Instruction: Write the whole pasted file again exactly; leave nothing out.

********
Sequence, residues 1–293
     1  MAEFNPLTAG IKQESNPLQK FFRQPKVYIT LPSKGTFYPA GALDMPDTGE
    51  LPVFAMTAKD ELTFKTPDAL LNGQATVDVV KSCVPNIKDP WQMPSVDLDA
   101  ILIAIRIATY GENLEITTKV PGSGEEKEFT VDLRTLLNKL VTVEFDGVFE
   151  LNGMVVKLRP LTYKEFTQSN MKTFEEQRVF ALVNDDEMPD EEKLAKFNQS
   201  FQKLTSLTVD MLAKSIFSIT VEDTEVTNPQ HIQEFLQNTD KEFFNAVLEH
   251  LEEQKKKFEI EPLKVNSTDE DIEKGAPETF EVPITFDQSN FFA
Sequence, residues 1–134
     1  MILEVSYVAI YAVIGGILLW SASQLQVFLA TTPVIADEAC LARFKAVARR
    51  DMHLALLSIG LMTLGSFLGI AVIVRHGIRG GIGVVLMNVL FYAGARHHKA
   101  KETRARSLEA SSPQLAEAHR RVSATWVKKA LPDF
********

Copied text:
Sequence, residues 1–293
     1  MAEFNPLTAG IKQESNPLQK FFRQPKVYIT LPSKGTFYPA GALDMPDTGE
    51  LPVFAMTAKD ELTFKTPDAL LNGQATVDVV KSCVPNIKDP WQMPSVDLDA
   101  ILIAIRIATY GENLEITTKV PGSGEEKEFT VDLRTLLNKL VTVEFDGVFE
   151  LNGMVVKLRP LTYKEFTQSN MKTFEEQRVF ALVNDDEMPD EEKLAKFNQS
   201  FQKLTSLTVD MLAKSIFSIT VEDTEVTNPQ HIQEFLQNTD KEFFNAVLEH
   251  LEEQKKKFEI EPLKVNSTDE DIEKGAPETF EVPITFDQSN FFA
Sequence, residues 1–134
     1  MILEVSYVAI YAVIGGILLW SASQLQVFLA TTPVIADEAC LARFKAVARR
    51  DMHLALLSIG LMTLGSFLGI AVIVRHGIRG GIGVVLMNVL FYAGARHHKA
   101  KETRARSLEA SSPQLAEAHR RVSATWVKKA LPDF